radiative capture


Ununhexium (or /ˌʌnənˈhɛksiəm/) is the temporary name of a synthetic superheavy element in the periodic table that has the temporary symbol Uuh and has the atomic number 116. Four isotopes are currently known with masses 290-293. The most stable is Uuh-293 with a half-life of 63 ms.

Discovery profile

On July 19, 2000, scientists at Dubna (FLNR) detected a single decay from an atom of ununhexium following the irradiation of a Cm-248 target with Ca-48 ions. The results were published in December, 2000. This 10.54 MeV alpha-emitting activity was originally assigned to 292Uuh due to the correlation of the daughter to previously assigned 288Uuq. However, that assignment was later altered to 289Uuq, and hence this activity was correspondingly changed to 293Uuh. Two further atoms were reported by the institute during their second experiment between April-May 2001.

,^{48}_{20}mathrm{Ca} + ,^{248}_{96}mathrm{Cm} to ,^{296}_{116}mathrm{Uuh} ^{*} to ,^{293}_{116}mathrm{Uuh} + 3,^{1}_{0}mathrm{n}

In the same experiment they also detected a decay chain which corresponded to the first observed decay of ununquadium and assigned to 289Uuq. This activity has not been observed again in a repeat of the same reaction. However, its detection in this series of experiments indicates the possibility of the decay of a meta-stable isomer of ununhexium, namely 293m116, or a rare decay branch of the already discovered ground state isomer, in which the first alpha particle was missed. Further research is required to positively assign this activity.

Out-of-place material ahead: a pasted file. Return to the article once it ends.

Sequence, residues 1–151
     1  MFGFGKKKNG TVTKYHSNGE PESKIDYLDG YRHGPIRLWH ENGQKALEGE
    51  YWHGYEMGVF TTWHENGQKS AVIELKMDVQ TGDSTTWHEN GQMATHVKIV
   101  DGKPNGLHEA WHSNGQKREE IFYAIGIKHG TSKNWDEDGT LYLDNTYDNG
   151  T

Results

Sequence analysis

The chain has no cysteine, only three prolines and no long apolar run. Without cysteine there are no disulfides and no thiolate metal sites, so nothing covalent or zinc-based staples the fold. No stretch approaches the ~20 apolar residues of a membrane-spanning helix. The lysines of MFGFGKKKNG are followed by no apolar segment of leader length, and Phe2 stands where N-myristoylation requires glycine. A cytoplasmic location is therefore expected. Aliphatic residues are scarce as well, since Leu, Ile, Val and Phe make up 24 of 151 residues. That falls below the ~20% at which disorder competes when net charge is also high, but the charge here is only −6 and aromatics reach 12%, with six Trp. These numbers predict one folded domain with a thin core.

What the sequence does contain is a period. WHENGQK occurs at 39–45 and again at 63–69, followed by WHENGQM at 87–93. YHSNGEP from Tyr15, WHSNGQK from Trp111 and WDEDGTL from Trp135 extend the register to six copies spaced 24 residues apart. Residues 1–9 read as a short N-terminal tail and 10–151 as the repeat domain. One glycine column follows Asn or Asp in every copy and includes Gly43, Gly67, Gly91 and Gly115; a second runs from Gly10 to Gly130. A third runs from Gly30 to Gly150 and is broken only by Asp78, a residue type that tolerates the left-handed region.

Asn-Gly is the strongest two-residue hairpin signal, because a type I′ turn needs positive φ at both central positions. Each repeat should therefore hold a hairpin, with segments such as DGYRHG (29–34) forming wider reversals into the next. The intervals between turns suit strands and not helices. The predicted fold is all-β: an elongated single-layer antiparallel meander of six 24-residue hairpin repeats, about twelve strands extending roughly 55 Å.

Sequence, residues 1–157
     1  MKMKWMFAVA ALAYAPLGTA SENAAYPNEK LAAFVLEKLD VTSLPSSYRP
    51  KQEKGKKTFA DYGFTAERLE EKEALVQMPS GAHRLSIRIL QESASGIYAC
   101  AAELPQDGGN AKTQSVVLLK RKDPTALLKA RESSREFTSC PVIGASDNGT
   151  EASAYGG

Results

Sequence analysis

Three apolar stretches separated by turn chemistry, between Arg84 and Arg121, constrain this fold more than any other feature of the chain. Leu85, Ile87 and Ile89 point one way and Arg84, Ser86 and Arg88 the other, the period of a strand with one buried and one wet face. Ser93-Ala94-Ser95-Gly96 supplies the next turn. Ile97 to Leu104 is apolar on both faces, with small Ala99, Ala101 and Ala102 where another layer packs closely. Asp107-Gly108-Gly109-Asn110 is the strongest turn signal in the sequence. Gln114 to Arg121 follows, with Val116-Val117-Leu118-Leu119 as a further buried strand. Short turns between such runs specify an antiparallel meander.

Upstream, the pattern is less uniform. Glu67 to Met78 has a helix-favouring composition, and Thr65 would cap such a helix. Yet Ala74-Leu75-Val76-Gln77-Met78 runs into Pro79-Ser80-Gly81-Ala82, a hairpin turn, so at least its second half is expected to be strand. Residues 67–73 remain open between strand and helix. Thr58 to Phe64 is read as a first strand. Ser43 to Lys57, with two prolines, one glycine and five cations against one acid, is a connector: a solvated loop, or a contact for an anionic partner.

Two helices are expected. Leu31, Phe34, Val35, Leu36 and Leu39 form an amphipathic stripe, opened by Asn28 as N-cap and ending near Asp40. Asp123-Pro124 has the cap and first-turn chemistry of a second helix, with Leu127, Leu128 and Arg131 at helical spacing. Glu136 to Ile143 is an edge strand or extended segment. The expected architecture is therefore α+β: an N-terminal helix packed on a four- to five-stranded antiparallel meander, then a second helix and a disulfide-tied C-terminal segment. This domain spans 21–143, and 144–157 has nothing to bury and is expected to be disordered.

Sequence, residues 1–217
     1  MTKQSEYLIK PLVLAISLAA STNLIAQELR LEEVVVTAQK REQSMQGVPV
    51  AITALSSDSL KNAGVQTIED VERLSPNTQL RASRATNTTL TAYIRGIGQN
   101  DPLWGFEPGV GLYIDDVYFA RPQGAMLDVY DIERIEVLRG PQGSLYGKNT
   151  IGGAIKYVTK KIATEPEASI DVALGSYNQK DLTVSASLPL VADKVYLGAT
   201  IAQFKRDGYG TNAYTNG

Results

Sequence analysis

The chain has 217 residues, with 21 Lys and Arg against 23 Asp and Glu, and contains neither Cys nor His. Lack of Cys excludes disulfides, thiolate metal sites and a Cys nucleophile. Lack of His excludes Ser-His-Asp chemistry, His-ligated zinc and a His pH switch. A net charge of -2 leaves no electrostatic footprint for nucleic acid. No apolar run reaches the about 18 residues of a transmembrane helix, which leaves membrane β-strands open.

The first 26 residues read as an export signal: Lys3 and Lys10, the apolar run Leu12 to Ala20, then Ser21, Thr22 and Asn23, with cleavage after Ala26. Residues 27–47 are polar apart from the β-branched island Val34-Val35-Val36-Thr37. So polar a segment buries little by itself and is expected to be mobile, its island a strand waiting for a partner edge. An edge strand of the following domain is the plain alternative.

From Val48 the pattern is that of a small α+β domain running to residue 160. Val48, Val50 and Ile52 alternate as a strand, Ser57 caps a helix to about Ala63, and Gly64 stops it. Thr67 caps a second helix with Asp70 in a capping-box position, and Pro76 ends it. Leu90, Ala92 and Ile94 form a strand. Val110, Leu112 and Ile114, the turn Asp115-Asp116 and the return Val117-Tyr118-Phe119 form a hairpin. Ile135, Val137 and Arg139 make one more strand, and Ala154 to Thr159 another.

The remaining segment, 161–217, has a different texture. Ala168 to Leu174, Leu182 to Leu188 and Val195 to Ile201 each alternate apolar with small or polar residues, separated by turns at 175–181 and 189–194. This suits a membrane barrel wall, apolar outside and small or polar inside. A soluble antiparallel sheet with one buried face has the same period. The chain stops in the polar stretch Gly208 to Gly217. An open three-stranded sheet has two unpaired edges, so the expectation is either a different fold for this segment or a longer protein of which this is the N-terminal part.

The team repeated the experiment in April-May 2005 and detected 8 atoms of ununhexium. The measured decay data confirmed the assignment of the discovery isotope as 293116. In this run, the team also observed 292116 in the 4n channel for the first time.

Theoretical calculation in a quantum tunneling model supports the experimental data.

The IUPAC/IUPAP Joint Working Party (JWP) are currently assessing the claim of discovery for this element by the Dubna team.


Current names

The element with Z=116 is historically known as eka-polonium. Ununhexium (Uuh) is a temporary IUPAC systematic element name. Research scientists usually refer to the element simply as element 116 (E116).

Proposed names by Claimants

Claims to the discovery of element 116 have been put forward by Dmitriev of the Dubna team. The JWP will decide to whom the right to suggest a name will be given. The IUPAC have the final say on the official adoption of a name. No name for element 116 has yet been suggested by the Dubna team.